California Bans Ivory
California Governor Jerry Brown signed state assembly bill AB 96 into law yesterday, which officially bans the sale of virtually all elephant ivory and rhino horn in the state.
Though California made it illegal to sell ivory in 1977, state law still permitted the sale of older ivory imported more than four decades ago. However, the new bill finally closes that loophole.
According to the new law, the selling of elephant ivory and rhino horn, including most antiques, is now illegal. Current owners can sell ivory and rhino horn up until July 1, 2016. After that, penalties reach up to a $50,000 fine and a year in prison.
Not surprisingly, the bill — which was named for the number of elephants killed every day in Africa — was celebrated by wildlife conservationists.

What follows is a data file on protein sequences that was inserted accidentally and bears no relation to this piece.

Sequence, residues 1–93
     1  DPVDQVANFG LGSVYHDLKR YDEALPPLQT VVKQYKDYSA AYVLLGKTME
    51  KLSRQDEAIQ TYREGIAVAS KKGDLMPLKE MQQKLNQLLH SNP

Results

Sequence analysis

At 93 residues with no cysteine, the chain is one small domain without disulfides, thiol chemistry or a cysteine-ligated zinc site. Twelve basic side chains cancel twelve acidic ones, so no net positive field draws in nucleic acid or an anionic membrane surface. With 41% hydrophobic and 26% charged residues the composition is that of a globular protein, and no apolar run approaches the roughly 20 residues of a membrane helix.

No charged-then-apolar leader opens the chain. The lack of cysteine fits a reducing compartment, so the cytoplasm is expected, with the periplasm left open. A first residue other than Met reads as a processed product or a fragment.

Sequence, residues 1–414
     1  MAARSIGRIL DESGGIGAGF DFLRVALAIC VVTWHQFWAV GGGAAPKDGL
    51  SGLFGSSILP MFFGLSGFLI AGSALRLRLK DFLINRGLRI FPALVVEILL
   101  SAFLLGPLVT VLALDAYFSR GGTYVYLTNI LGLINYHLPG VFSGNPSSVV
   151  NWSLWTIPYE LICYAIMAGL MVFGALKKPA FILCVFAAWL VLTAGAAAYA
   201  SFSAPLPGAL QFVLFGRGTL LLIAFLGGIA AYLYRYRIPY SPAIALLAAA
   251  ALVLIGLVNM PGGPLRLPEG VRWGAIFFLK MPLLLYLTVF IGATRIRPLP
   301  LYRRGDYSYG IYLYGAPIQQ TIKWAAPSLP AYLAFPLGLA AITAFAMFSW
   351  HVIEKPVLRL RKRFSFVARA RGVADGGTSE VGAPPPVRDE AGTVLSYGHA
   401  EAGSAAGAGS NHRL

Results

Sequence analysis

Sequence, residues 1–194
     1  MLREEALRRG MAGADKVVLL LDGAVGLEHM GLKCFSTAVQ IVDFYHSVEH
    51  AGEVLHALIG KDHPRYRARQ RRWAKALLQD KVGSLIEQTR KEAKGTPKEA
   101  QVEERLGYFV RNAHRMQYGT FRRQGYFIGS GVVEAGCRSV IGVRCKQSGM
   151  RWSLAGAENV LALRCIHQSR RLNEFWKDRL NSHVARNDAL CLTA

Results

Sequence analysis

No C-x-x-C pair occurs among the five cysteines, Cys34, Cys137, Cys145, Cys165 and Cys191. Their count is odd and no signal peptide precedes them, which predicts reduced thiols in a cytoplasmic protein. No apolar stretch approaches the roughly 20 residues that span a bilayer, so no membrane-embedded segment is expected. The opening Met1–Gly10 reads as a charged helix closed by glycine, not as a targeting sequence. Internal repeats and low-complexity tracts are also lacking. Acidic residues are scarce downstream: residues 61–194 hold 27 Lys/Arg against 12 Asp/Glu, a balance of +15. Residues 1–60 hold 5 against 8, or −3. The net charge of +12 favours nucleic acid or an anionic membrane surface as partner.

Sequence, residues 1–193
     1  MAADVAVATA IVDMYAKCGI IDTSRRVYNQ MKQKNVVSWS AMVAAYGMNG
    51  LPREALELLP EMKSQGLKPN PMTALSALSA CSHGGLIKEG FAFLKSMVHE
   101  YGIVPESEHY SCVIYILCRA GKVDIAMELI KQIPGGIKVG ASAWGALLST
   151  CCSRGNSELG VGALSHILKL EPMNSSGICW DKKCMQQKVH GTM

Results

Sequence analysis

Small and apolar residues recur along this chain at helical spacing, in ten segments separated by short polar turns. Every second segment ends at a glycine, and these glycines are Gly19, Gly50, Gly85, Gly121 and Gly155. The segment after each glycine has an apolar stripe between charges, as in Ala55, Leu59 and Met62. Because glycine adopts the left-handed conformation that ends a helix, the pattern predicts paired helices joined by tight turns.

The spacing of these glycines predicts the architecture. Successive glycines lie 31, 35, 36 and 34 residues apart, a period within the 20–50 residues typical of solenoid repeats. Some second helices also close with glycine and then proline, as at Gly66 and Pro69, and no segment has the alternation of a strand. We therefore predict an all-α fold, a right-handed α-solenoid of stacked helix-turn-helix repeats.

“With the passage of AB 96, California is leading by example in making the ivory and rhino horn trade a thing of the past. The new law will make enforcement a far easier matter and sends a clear signal to the rest of the world that ivory and rhino horn have no value here. We thank Governor Brown for his support and call on all U.S. states to join California, New York and New Jersey in banning this destructive trade,” said Peter Knights, CEO of WildAid, in a statement.
The good news follows President Obama‘s own announcement that his government is proposing a new rule that will ban the sale of virtually all ivory across state lines, as well as the recent commitment made between the U.S. and China to end the ivory trade.
With the possibility of elephants going extinct in a decade, California’s ivory ban couldn’t happen at a better time. We just hope more states will quickly follow suit.